Jeremy Lee on Media: 'Dirty Des' might clean up

The owner of OK!'s bid for Five demonstrates how his ambitions remain high and his pockets deep.

There's something rather tantalising about the offer that Richard Desmond, the man habitually referred to as 'Dirty Desmond' by Private Eye, due to the source of a significant proportion of his publishing wealth, has made for RTL-owned Five, the bids for which closed last week.

It's also timely. The concept of the 'three Fs' - the 'films, football and fucking' phrase famously used by Five's chairman Dawn Airey, when she was programme director, to describe the channel's output when it was still in the ascendancy in the late 90s - has recently been back in the news.

In the serialisation of his diaries in The Times, Lord Mandelson has revealed that, while Labour's deputy leader Harriet Harman wanted to base the party's recent general election campaign on the theme of 'future, family and fairness', he and two colleagues suggested their own three Fs to campaign on: 'Futile, finished and fucked'.

Desmond, the owner of OK! magazine and Express Newspapers' publisher Northern & Shell, made much of his money selling pornography magazines such as Asian Babes and The Very Best of Mega Boobs, titles he has since disposed of. Nonetheless, and despite attempts to boost his respectability, he still firmly has a foot in the 'fucking' camp.

Northern & Shell's Portland TV subsidiary continues to distribute several porn channel 'treats' on its subscription Television X platform, some under the brand name Red Hot. Television X is available on all digital platforms but, crucially, has no terrestrial footprint.

So, could Desmond turn around the fortunes of Five by unshackling it from its dependence on the few formats that do work for it (US detective series and Neighbours), perhaps by returning it to something closer to its roots?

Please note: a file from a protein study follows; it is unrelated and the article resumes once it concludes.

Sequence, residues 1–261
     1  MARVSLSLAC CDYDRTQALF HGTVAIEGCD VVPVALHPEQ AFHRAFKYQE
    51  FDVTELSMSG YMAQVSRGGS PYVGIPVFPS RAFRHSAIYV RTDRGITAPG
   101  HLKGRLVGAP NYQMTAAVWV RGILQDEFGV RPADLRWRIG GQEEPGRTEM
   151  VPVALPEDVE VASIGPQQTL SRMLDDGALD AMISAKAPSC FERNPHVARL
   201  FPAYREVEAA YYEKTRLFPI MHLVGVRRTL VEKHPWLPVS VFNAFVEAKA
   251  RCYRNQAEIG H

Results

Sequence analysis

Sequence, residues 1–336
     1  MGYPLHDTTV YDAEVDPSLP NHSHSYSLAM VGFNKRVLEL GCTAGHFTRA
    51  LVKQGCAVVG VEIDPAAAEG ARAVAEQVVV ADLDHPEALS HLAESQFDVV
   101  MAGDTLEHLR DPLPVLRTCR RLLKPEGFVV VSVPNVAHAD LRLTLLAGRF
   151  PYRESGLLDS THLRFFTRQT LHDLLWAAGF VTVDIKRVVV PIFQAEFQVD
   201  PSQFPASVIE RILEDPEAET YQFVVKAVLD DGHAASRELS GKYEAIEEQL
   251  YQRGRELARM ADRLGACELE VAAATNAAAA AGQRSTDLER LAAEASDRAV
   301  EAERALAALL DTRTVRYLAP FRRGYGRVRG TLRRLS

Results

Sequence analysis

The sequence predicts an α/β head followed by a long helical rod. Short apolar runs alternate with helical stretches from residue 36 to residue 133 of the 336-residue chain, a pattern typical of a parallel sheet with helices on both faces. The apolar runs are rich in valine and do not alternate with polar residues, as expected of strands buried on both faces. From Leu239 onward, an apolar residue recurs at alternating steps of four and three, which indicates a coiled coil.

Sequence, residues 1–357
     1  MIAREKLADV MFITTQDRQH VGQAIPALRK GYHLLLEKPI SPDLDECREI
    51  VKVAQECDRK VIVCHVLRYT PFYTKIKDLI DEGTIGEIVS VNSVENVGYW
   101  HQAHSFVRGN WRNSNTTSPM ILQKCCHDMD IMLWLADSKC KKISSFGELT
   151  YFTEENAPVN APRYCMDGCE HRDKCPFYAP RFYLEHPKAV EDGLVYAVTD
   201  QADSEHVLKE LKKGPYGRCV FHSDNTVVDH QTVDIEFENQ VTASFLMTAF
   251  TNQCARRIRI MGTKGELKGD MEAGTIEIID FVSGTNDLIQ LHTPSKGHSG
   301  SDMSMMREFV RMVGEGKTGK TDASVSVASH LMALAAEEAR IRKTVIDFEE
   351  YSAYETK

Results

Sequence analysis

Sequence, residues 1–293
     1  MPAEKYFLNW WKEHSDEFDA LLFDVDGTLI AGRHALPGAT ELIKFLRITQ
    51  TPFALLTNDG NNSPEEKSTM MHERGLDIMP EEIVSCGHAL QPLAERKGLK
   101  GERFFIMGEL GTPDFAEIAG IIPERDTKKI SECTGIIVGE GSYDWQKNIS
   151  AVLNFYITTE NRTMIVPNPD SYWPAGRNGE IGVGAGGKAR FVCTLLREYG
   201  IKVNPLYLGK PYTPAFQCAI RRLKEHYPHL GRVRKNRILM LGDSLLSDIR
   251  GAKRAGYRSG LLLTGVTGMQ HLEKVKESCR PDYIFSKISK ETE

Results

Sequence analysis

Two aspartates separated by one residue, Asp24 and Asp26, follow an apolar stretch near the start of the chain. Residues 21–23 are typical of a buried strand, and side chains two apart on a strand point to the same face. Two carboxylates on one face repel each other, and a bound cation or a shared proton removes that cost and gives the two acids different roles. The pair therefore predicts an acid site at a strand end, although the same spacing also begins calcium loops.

He certainly has the chutzpah and the money. Desmond is engaged in a typically bold tabloid price war with Trinity Mirror; his Daily Star is being sold for just 10p.

In response, The Mirror has resorted to offering a free Prince CD to prop up its circulation. (Desmond has regularly used similar tactics with his Express titles - just substitute the words Princess for Prince and coverage for covermount.)

Desmond has also dropped his reported £52m-a-year salary to a more modest £50,000 (last month he boasted in an Independent interview that he had 'so much money it's ridiculous') to invest the rest in his business. In addition, he has admitted that his feet have got itchy in the 10 years since he bought Express Newspapers for £125m.

With RTL keen to offload Five, consigning its attempt to build scale in the UK market to corporate history, and with a worth of no more than £100m (and possibly far less, given that its long-standing programme contracts were signed back when things were financially rosier), the disposal could be little more than a fire sale.

What would Desmond get for his money? As well as the fifth-biggest TV channel by audience share, he would also gain the Freeview slots occupied by Fiver and Five USA. Media real estate like that doesn't come along often.

Whoever buys Five, it seems unlikely that they will maintain the independence of its ad sales function. While it will be sad to see another independent TV sales house go, along with Flextech's IDS and MTV's Viacom Brand Solutions, all of which had to work harder and smarter than bigger rivals to justify their place on an advertiser's schedule, I can't help but think that if Desmond does end up as Five's owner, the media industry will get a bit more interesting.

- Jeremy Lee is associate editor of Marketing. Read his blog at


- Born in 1951, Desmond struggled academically and left school at 14 to stack shelves at Woolworths. From an early age he went to meetings with his father, then managing director of screen advertising group Pearl & Dean, after he became deaf when Richard was six.

- Stories abound of Desmond behaving inappropriately, including a widely reported outburst at a meeting with Telegraph executives in 2004 complete with accusations that German company Axel Springer was run by Nazis.

- Desmond, who was worth an estimated £950m last year, acquired Express Newspapers in 2000. He sold his adult titles in 2004, and told The Times in April that Portland is a separate business and he had 'not been involved in it for 10 years'.

- Desmond stopped taking money out of his business when the 50% tax rate for higher earners came in. 'There is no fucking point because you're just giving it away,' he said. Instead, he is on the lookout for attractive business acquisitions.


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